David Alexander comment: Proposal to freeze house prices leaves me cold

Rising house prices are good for home-owners, for the economy and for wider society. There, I've said it.

Have the researchers ever spoken to anyone who owns a property, wonders Alexander. Picture: submitted.
Have the researchers ever spoken to anyone who owns a property, wonders Alexander. Picture: submitted.

Among those who will strongly disagree is the think tank, the Institute for Public Policy Research (IPPR). It recently produced a paper called On Borrowed Time, which stated that property was just one part of our financial system that was out of control and so needed to be reset to prevent a future crash. As part of this process, the IPPR believes freezing house prices for five years will stabilise the housing market, bring property values down by 10 per cent and help people still to get a foothold on the ladder to afford to buy a home.

To achieve this aim, the Bank of England’s monetary policy committee would be tasked with freezing house prices and restricting the annual increase in property values to 2 per cent (effectively a zero gain as the inflation target is also 2 per cent) through measures such as controlling consumer access to mortgages, limiting the funding of mortgages, disallowing overseas investment in property, and reducing capital inflows as a disincentive to property investment in general.

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Personally and professionally I find the whole idea staggering. In fact it beggars belief that a “progressive” think-tank, which is how the IPPR describes itself, could come up with such unthinking proposals (although I accept its heart is in the right place). Have its researchers ever spoken to anyone who owns a property? Or to the banks and building societies whose business is to sell mortgages? Or to the government, for whom a big chunk of its income comes from taxes on property sales? Or, for that matter, to home-owners who reasonably expect their property to produce a net gain in value year on year? (Most people I believe are sensible enough to realise that periodic “booms” in prices are not in the long-term interests of the bulk of owner-occupiers).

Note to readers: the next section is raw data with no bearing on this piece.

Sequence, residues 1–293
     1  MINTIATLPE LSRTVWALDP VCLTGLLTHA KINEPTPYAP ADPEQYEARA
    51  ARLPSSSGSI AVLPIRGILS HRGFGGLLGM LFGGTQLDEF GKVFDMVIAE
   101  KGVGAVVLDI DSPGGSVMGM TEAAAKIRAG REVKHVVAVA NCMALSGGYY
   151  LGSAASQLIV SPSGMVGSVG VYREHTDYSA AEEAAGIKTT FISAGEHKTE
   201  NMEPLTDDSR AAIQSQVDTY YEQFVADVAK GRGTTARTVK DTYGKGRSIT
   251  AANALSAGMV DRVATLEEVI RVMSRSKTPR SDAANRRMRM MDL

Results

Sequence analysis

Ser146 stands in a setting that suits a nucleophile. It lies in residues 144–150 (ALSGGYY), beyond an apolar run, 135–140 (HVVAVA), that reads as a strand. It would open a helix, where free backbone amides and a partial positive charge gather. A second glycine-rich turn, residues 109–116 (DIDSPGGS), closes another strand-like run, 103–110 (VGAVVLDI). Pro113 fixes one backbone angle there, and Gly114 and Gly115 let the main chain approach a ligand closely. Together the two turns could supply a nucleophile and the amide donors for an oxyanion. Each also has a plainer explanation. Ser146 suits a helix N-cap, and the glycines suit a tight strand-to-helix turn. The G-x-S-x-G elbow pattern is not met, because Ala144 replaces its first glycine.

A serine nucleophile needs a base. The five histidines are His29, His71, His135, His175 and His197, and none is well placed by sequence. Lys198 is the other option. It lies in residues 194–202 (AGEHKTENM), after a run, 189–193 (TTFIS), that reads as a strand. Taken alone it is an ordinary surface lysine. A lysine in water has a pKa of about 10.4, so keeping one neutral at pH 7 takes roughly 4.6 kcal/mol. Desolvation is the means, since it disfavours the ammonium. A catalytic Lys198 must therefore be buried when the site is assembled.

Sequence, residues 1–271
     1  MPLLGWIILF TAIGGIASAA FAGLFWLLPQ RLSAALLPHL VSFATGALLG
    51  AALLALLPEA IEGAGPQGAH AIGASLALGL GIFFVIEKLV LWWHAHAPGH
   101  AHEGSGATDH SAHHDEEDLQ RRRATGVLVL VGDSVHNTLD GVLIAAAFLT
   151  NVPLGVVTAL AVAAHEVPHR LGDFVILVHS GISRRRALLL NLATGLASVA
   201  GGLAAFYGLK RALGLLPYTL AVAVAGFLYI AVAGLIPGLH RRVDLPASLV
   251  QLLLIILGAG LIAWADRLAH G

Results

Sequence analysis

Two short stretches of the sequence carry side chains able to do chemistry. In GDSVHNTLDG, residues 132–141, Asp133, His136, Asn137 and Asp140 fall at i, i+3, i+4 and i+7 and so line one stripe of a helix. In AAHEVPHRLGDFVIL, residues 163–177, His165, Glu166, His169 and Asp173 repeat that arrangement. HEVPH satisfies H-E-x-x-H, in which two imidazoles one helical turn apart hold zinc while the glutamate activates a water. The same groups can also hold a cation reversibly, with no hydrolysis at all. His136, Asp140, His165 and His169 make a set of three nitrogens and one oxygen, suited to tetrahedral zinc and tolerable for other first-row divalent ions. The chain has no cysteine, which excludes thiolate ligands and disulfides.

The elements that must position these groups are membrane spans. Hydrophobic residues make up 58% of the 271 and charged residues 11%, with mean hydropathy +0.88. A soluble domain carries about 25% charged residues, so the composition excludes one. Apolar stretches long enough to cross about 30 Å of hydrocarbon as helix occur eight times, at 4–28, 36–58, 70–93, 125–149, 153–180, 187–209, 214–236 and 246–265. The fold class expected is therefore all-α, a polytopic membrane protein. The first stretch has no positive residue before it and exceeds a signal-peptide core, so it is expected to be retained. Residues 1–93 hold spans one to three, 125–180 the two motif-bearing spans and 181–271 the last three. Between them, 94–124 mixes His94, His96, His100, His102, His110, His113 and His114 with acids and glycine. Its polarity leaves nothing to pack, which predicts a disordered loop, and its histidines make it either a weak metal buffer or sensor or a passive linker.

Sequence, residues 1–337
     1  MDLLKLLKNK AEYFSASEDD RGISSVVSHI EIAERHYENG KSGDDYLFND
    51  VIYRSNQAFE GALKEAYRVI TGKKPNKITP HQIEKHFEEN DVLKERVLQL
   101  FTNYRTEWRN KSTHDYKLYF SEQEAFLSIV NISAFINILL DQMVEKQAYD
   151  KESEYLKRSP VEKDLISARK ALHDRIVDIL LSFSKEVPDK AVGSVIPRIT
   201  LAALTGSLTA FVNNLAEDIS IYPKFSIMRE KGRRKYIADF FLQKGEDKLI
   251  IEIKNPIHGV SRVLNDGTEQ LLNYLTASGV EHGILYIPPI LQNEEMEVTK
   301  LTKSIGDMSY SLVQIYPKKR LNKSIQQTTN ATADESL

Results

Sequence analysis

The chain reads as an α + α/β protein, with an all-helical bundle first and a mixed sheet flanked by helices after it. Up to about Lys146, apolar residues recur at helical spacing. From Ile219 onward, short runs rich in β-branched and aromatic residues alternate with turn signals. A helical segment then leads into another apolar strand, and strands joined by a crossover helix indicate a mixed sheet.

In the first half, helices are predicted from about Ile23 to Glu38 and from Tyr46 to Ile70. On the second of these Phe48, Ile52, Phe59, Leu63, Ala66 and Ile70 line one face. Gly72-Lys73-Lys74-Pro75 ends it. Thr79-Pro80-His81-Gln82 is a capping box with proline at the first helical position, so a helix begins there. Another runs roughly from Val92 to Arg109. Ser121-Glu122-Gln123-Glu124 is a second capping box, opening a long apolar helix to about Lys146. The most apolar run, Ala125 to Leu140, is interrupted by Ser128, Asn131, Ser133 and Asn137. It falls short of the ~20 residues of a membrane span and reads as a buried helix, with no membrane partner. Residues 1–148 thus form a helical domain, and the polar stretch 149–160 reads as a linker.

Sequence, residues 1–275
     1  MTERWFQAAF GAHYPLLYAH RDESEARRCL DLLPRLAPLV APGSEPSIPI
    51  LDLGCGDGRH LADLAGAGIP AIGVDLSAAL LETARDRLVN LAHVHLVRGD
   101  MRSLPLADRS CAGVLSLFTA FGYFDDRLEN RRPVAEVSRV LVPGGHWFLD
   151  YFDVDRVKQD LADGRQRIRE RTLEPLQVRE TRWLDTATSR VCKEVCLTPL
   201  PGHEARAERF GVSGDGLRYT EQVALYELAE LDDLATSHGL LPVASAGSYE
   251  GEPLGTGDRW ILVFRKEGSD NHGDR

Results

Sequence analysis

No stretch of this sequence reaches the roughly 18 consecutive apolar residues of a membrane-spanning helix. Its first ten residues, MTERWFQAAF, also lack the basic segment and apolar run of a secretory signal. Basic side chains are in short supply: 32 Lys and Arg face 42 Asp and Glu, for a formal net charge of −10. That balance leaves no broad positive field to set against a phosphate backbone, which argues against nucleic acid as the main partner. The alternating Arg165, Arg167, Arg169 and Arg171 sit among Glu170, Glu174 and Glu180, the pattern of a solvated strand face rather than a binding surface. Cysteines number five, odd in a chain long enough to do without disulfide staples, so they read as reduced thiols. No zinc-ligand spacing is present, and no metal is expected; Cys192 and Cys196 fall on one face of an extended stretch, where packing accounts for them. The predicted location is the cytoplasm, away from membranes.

For a start, the proposals raise the question of how – in a democratic society based on free market economics – property prices could be frozen and why would anyone want them to? As everyone knows, the price of a home (just like any commodity) finds its level due to supply and demand.

At least the IPPR acknowledges that a “one size fits all” price freeze across Great Britain would be unworkable and therefore proposes that it be carried out by setting different bars. To me, however, this feels like a recipe for compelling people who live in one part of the country to stay there, and in the same property, for all of their adult lives. A price freeze would mean nobody could ever move to a new location or upsize as a result of changed personal and family circumstances.

From reading the IPPR proposals, one infers that price rises are somehow wrong and so should end. Yes, there are parts of the country where prices have risen so far and so fast that increasing numbers of first-time buyers are being left behind.

But this is a solution that would please nobody, implying some kind of Soviet-style equalisation of the housing market, which would devalue the assets of everyone who already owns their home and produce a chaotic and unworkable system that would simply not produce the results the reports’ authors wish.

In the current circumstances, the most sensible way forward would be for government to give local authorities the power to borrow to build more “affordable” homes for rent (as long as the rents were not then used for political purposes). And to encourage private developers to build at greater levels for owner-occupation, thus creating a more manageable balance of supply and demand.

For many individuals in this country, the house in which they live will be the only substantial asset they will ever own – and there is no shame in wanting its value to rise over time. Standing in their way does not seem to me to be very “progressive”.

David Alexander is MD of DJ Alexander.